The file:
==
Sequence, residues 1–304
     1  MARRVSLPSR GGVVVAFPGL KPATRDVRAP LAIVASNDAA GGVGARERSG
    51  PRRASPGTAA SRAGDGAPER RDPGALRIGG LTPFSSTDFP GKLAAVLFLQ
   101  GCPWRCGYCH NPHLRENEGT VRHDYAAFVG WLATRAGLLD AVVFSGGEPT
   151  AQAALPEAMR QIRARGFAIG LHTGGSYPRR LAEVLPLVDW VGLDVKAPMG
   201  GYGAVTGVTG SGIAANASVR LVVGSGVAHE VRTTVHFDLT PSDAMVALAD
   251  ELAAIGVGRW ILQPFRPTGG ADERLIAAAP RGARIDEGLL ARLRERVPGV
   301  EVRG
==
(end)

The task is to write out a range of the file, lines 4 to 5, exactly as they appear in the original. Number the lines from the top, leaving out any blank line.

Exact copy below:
   101  GCPWRCGYCH NPHLRENEGT VRHDYAAFVG WLATRAGLLD AVVFSGGEPT
   151  AQAALPEAMR QIRARGFAIG LHTGGSYPRR LAEVLPLVDW VGLDVKAPMG